A strain for eyes and sensibilities alike.



A companion to Adventures in Space (2018) commemorating feats of exploration and discovery while harking back to the grand old days of Eurocentric colonialism.

In serigraphic-style illustrations that, like Lynn Curlee’s, privilege strong forms and monumentality over specific detail, Tyler depicts stylized locales beginning with “Polar Regions” and running from “Mountains” and “Volcanoes” through “Oceans,” “Deserts,” “Jungles,” and “Caves and Chasms.” These serve as backdrops for brief accounts of select “pioneering adventurers,” nearly all white Europeans, which feature lines such as “Samuel and Florence [Baker] followed the White Nile beyond Lake Albert and, in doing so, discovered an impressive waterfall,” and “[Alfred Russell Wallace] traveled through previously unexplored forests,” while offering patronizing nods to early Polynesian explorers and Indigenous Canadians. The author does highlight some modern adventurers including marine biologist Sylvia Earle and ill-fated volcanologist/filmmaker Katia Krafft but fails even to mention (for instance) early Muslim travelers or the 15th-century expeditions of Zheng He. The author also veers off topic in one chapter to plead for the conservation of forest ecosystems. Moreover, the final chapter’s black-on-black color scheme renders human and other forms nearly invisible, and elsewhere the narrative is printed in a small typeface on, all too often, dark blue or green backgrounds that render it barely legible. Armchair explorers can easily do better.

A strain for eyes and sensibilities alike. (glossary) (Informational picture book. 4-6)

Pub Date: Sept. 3, 2019

ISBN: 978-1-84365-427-8

Page Count: 96

Publisher: Pavilion/Trafalgar

Review Posted Online: June 25, 2019

Kirkus Reviews Issue: July 15, 2019

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A promising approach—but too underpowered to reach orbital velocity.



Young earthlings turn starry skies into playscapes in this first look at constellations.

On a page first glimpsed through a big die-cut hole in the front cover, Chagollan promises that stars “tell a thousand stories.” She goes on to describe brief scenarios in which residents of Earth interact with 15 Northern Hemisphere constellations. These range from Benjamin’s battle with a fierce dragon beneath Draco to a trio of unnamed ducklings who use the Swan to “find their way home.” Six further starry clusters bearing only labels are crowded into the final spread. In illustrations composed of thin white lines on matte black backgrounds (the characters formed by the stars are glossy), Aye colors significant stars yellow, connects them with dots, and encloses them in outlines of mythological figures that are as simply drawn as the animals and humans (and mermaid) below. As a practical introduction, this has little to offer budding sky watchers beyond a limited set of constellations—two, the Big Dipper and the Summer Triangle, are not official constellations at all but classified as asterisms—that are inconsistently labeled in Latin or English or both. Despite a closing invitation to go out and “find these stars in the sky,” the book provides no sky maps or verbal guidelines that would make that actually possible.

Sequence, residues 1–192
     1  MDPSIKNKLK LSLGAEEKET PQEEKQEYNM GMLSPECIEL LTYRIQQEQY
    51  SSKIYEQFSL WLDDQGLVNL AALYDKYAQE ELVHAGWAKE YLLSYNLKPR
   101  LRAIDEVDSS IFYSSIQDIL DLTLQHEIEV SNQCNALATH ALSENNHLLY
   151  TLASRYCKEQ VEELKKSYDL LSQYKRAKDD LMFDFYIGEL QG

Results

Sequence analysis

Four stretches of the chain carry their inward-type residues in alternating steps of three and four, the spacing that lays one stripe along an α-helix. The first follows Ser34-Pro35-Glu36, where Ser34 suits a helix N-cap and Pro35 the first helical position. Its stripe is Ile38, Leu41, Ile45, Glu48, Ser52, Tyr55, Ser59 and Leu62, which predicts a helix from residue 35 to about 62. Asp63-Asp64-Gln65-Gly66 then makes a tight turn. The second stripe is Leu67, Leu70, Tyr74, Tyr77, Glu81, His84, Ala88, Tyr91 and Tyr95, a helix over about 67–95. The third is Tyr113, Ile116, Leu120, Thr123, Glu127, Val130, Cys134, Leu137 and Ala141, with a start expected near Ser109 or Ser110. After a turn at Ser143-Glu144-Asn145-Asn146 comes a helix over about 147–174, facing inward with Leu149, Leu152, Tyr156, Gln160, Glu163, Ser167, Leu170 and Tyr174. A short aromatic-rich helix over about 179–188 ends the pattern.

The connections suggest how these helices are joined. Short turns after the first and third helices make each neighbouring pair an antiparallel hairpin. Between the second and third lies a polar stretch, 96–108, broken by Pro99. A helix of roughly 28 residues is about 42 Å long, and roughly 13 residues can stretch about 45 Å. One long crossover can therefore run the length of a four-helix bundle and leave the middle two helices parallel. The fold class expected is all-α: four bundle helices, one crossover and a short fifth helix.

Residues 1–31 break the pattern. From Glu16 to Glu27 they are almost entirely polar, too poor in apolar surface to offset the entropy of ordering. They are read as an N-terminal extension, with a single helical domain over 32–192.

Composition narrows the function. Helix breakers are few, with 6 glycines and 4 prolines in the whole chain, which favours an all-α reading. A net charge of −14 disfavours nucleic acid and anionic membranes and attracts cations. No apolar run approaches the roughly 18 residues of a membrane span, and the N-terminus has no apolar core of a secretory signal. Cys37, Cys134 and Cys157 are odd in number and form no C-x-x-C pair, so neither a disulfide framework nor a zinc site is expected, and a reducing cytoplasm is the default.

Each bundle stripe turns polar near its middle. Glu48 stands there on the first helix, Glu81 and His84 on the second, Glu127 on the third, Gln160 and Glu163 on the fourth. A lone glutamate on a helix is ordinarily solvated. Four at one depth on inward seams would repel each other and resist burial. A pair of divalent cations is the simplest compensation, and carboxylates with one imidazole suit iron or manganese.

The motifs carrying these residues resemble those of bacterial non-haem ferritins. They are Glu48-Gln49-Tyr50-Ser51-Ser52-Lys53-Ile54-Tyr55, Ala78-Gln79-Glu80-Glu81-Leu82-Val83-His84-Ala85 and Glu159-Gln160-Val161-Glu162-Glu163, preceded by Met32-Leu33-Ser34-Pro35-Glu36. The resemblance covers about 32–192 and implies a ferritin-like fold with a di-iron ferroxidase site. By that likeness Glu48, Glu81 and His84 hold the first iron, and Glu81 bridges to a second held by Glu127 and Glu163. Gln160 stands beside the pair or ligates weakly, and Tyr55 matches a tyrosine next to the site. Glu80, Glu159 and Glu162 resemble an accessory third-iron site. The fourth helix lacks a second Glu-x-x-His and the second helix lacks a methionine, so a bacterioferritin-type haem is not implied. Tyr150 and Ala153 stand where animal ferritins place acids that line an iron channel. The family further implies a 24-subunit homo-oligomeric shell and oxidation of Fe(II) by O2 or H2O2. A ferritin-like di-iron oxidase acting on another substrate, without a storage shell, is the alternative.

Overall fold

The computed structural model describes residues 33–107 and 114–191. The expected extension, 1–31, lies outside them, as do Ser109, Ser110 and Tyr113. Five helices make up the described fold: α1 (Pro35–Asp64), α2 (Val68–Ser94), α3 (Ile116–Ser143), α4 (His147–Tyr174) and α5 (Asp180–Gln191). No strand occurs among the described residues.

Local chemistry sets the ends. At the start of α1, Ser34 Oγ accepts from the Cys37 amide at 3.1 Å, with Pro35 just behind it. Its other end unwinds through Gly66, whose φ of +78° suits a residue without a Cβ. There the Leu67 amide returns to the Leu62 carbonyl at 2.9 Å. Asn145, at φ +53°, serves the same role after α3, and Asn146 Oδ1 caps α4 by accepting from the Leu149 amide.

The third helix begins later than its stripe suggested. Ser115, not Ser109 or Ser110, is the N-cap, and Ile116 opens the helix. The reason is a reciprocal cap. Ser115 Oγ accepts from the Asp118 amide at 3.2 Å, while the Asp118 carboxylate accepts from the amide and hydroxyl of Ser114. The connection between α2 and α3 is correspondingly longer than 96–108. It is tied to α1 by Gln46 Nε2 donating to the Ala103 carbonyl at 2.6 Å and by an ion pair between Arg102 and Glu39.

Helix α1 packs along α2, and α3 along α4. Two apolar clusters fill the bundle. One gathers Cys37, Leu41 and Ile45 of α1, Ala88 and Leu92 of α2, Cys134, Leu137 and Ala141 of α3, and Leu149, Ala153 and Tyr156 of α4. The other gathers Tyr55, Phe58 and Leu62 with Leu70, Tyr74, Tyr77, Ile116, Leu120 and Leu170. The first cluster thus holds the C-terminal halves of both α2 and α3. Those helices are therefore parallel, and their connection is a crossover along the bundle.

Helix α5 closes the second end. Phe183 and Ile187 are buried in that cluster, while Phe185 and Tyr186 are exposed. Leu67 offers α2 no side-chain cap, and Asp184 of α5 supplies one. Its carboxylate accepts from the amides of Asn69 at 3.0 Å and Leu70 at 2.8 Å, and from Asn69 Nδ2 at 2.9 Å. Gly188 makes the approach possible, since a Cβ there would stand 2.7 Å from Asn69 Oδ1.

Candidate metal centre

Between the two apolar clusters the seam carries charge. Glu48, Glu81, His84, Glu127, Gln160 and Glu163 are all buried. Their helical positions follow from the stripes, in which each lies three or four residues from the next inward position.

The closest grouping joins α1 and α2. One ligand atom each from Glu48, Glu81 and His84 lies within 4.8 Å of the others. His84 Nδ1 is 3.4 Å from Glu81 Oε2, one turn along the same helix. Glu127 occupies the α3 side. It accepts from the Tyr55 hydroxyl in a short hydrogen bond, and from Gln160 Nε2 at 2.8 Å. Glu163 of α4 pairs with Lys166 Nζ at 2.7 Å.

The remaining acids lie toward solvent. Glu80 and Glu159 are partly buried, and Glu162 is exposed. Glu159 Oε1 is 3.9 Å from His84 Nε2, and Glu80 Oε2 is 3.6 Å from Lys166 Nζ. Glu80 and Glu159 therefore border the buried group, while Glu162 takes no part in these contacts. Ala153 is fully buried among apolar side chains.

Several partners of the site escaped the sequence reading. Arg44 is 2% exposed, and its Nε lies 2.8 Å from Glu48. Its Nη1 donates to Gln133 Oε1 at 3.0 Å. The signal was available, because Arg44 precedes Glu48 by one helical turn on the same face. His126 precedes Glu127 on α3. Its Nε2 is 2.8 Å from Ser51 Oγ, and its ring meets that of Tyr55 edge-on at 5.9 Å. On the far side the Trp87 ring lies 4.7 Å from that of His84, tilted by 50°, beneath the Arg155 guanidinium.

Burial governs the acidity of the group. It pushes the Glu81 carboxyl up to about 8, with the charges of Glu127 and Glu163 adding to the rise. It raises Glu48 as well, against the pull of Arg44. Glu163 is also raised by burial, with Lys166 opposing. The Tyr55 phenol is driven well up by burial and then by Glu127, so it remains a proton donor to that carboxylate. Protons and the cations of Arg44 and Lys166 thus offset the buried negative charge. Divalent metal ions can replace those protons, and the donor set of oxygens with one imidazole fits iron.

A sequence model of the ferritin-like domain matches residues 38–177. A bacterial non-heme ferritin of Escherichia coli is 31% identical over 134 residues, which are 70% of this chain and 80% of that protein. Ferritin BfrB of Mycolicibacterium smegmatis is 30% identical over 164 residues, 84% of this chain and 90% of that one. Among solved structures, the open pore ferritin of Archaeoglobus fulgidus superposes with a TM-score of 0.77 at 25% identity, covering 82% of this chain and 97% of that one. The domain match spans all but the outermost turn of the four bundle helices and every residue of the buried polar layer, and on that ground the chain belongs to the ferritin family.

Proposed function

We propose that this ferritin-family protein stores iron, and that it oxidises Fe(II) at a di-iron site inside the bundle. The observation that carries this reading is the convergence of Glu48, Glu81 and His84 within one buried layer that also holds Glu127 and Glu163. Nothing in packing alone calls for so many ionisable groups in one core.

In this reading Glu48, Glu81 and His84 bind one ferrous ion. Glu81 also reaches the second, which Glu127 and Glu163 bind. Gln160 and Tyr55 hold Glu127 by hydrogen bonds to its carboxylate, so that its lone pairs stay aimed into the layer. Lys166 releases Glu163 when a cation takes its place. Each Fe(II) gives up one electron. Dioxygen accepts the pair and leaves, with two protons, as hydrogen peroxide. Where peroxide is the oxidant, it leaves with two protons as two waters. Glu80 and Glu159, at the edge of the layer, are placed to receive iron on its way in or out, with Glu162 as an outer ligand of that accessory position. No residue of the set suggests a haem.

A promising approach—but too underpowered to reach orbital velocity. (Informational picture book. 4-6)

Pub Date: April 3, 2018

ISBN: 978-1-63322-509-1

Page Count: 32

Publisher: Walter Foster Jr.

Review Posted Online: March 4, 2018

Kirkus Reviews Issue: March 15, 2018

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Ephemeral, though the interactive feature will likely prompt one or two voyages before the rocket flies off into oblivion.



A toy rocket propelled along a winding slot invites young astronauts to sample the wonders of outer space.

As in Vago and Rockefeller’s Train (2016), it’s all about the gimmick: a continuous slot cut into the heavy board pages that allows the small plastic vehicle (a retro-style rocket ship, here) to be pushed or pulled across each scene up to the edge and then around the edge to the next opening. Illustrating the generic rhyme (“Stars spin around in a cosmic race / Exploring the mysteries of outer space”), Rockefeller fills the starry firmament with flashes of light as the rocket soars past a crowd of glowing planets, winds its way through a thick field of “rocks,” pursues a comet, navigates a twinkling nebula, then swoops around a supernova to a die-cut hole that leads back to the first spread. The rocket is reasonably secure in its slot, but it can be reinserted easily enough should it fall (or, more likely, be pulled) out. The publisher suggests an age range of 4 through 8, likely in acknowledgment of the potential choking hazard the rocket ship poses, but the brevity and blandness of the text are unlikely to appeal to most in that range. Aside from a group of tiny figures watching the initial liftoff there are no people in the pictures.

Ephemeral, though the interactive feature will likely prompt one or two voyages before the rocket flies off into oblivion. (Novelty board book. 4-5)

Pub Date: Oct. 31, 2017

ISBN: 978-1-5235-0113-7

Page Count: 15

Publisher: Workman

Review Posted Online: Nov. 13, 2017

Kirkus Reviews Issue: Dec. 1, 2017

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